About Me

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I read, write, edit, publish, craft and home educate. My debut novel Mrs Sinclair's Suitcase was published by Hodder in 2014. My second novel, A Life Between Us, was published in 2017. My third, The Road to California, was published in 2018, under my Louise Walters Books imprint. I live in Northamptonshire. My website can be found at louisewaltersbooks.co.uk

Thursday, 7 June 2018

"Cor, Louise, you swallowed a dictionary?"

I've been hearing a lot about working class writers recently. The term "working class" is broadly situated under the "diversity" banner. And that's fine; working class "voices" should be heard. But I wonder what exactly is meant by "working class"? And what precisely is a "working class" story? I've been pondering all this for some time, following the posts and comments online of writers like Kit de Waal and Kerry Hudson, fabulous writers both.

I'm working class. I was brought up with few aspirations; very little money; I rarely had new things, even at Christmas and on my birthday. Yet I lived in an old, detached house in a village (in fact, two houses in two villages; we moved when I was ten) in Oxfordshire: generally regarded as a pretty posh part of the world. But our house was damp, had no central heating, it was furnished with second-hand, tatty furniture. It was bought by my parents in the days when one wage could just about buy you a village property. My mum was a SAHM (stay at home mum -  most mums were in the 70s, as I recall) and we didn't exactly eat like kings. Mum had about three dishes in her repertoire, and a lot of white bread and marmite. We had no mod cons as they were called then - no dishwasher, no tumble drier, no washing machine. My clothes were bought in village jumble sales and I will never forget the humiliation when a fellow pupil at my village school recognised "her" pink dungarees. I denied they were hers, of course. But she knew and she gave me a hard time. She was working class too.



The one thing we did have, either from jumble sales or the library, was BOOKS. These were the saving grace of my childhood. I read a lot, and I read about characters who were nothing like me - I devoured stories about boarding schools; posh kids' school hols adventures; stuck-up orphans; middle class American families; upper class Victorian ghosts; I dreamed I was IN these stories. I wanted to be Katy Carr's sister; Joey Bettany's best friend; Anne's fellow girly friend, because George was too hopelessly boyish. I think it's often, but not always, a myth that people want to see "themselves" "represented" in books. I didn't. I wanted to escape, and imagine a different life for myself.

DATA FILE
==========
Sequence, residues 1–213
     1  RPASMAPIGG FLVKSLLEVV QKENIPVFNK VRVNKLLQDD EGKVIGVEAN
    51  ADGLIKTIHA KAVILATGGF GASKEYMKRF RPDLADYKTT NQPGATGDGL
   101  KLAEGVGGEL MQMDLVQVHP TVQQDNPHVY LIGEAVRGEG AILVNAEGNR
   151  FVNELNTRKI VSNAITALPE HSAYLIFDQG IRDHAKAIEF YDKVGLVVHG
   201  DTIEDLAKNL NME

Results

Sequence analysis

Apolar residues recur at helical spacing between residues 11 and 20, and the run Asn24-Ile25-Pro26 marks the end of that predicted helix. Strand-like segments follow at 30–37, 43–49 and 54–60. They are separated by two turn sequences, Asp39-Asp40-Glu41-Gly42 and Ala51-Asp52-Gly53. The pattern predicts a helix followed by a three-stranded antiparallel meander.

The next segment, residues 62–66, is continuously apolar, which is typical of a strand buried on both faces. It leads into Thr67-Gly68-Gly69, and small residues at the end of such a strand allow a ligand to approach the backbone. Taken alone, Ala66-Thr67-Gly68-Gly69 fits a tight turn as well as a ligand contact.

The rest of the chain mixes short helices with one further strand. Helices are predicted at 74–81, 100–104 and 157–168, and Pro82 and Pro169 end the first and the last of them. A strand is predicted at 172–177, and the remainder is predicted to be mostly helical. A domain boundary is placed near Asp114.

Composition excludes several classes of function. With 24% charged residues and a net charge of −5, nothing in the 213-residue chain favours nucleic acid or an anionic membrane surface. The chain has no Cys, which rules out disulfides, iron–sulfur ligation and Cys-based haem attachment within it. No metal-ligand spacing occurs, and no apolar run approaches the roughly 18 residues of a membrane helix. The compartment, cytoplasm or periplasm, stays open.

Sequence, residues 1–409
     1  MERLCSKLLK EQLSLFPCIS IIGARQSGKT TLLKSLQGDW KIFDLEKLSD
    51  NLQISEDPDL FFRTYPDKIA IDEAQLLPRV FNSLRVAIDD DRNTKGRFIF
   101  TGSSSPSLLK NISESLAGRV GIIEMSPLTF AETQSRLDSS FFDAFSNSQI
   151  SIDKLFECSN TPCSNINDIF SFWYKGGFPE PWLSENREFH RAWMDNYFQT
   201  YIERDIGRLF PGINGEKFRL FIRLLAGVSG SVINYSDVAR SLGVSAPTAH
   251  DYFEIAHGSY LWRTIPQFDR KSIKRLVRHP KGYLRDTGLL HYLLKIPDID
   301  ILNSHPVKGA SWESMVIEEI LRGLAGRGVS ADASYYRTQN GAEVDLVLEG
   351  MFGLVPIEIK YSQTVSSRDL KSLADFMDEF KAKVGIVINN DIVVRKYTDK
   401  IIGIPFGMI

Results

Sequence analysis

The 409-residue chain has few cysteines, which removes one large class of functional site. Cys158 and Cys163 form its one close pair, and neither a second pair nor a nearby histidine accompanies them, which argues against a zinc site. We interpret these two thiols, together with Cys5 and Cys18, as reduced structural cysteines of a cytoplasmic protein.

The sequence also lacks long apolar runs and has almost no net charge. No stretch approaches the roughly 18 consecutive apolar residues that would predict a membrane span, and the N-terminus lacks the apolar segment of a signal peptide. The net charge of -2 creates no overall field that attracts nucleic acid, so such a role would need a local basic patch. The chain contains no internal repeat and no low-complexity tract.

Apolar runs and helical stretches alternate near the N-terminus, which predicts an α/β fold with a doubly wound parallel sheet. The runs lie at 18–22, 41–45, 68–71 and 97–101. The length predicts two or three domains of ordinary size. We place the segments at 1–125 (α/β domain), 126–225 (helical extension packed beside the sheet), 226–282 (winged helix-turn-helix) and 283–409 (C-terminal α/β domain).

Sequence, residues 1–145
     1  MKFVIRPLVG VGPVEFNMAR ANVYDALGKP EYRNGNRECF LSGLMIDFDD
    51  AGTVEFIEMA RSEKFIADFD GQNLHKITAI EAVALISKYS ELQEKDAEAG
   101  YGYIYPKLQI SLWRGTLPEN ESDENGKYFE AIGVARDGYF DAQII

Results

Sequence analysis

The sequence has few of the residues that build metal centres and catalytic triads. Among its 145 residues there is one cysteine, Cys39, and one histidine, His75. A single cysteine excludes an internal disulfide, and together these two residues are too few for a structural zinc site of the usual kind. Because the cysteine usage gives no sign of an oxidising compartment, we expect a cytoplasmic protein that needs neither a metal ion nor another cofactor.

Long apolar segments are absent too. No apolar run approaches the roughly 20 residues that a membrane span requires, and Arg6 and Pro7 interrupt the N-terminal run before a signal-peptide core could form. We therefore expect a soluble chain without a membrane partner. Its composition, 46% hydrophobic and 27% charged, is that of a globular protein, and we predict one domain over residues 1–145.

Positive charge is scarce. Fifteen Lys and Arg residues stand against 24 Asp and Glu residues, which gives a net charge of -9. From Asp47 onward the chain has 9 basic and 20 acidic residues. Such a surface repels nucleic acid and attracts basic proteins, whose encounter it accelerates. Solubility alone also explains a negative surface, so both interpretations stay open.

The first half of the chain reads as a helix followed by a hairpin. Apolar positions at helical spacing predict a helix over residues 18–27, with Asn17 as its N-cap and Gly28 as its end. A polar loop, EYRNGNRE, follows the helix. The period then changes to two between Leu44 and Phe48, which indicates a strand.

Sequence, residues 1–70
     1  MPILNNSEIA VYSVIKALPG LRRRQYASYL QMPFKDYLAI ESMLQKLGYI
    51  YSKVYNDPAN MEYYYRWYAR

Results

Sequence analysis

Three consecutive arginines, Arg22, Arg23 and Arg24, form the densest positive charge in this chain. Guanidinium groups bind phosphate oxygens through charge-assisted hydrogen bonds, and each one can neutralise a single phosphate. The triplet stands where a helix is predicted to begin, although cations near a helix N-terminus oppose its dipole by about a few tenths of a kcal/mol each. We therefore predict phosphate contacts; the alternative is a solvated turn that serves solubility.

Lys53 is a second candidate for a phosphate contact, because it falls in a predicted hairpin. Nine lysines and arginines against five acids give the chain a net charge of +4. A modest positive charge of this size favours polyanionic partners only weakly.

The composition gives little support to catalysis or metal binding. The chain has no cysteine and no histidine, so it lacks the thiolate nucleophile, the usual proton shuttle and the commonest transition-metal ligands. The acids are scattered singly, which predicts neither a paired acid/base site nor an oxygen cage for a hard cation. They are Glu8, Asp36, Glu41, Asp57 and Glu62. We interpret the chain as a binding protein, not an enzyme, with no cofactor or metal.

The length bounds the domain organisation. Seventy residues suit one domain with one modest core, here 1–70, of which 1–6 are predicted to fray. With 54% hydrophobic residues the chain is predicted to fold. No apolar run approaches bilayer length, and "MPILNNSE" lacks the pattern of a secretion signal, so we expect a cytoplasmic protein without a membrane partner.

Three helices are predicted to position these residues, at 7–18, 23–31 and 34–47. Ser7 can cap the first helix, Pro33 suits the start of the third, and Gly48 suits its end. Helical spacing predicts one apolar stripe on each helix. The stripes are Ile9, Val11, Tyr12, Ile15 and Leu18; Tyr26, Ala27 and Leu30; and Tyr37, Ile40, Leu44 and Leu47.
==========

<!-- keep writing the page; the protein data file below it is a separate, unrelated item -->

As a child, my reading made me a bit precocious, at least by my family's standards. I was asked by wider family members, more than once, "You swallowed a dictionary?" and I think, in many ways, that's precisely what I did. I lost myself in books, in the worlds created by authors. From a young age I wanted to be an author, but it would take me many years to admit that even to myself, let alone get on and become one (my first novel was published when I was forty-six).




My characters rarely live the impoverished life I once had. I've written about lonely middle class women; a reluctant aristocrat; a wealthy American play boy; I do tend to go for hard working women who "make something of themselves". But I think I write, always, through my working class filter. It's much, much easier for a poor person to imagine what it's like to be rich than for a rich person to imagine what it's like to be poor.

To be a working class writer is in many ways to feel like a fish out of water. A trip down to London to meet up with my publisher cost me a fortune; the publisher's offices were stuffed full of (very nice) people who I guessed didn't attend their local comprehensive, but who instead went to the kind of  schools I once upon a time read and dreamed about. I often felt guarded in these meetings; unreasonably shy; even embarrassed by myself. What would have been useful is to find somebody else in the room noticing me; recognising and acknowledging me; understanding my background. Even better, it would have been great for me to recognise them. I pretended to be middle class, to fit in, because I felt like the only working class person in the room. Possibly I wasn't, but it felt like it.





It's great that some publishers are now accepting new recruits without degrees (I finally got mine via the Open University when I was forty-two). But I think other changes could make publishing a less alien, even threatening, environment for working class people: more older staff, more BAME staff, more accents, and perhaps controversially, more male editors and agents. How about offices based in other cities - Manchester? Newcastle? Birmingham? Glasgow? Such changes can't happen overnight, of course. And I hope agents and publishers don't attempt to ghetto-ize working class writers, insisting on stories only about council estates; drug abuse; single mums; all the cliched "working class" trappings. To do that would be to pay lip service, to reduce working class writers and their stories to token gestures. Box ticking.

I don't try to act posh anymore, because I'm not. You can take the girl out of the working class but you can't take the working class out of the girl. I'm not loaded (I'm a writer for heaven's sake!) but I'm proud of what I've achieved and I think my background eventually served me well and helped me to grow into the reader, writer, editor, publisher and business woman I've become. In common with other working class folks I can spot pretentious bullshit at fifty paces. That really is a useful skill! And of course, some habits never die: I still frequent libraries and I still buy second hand clothes. Just not pink dungarees...



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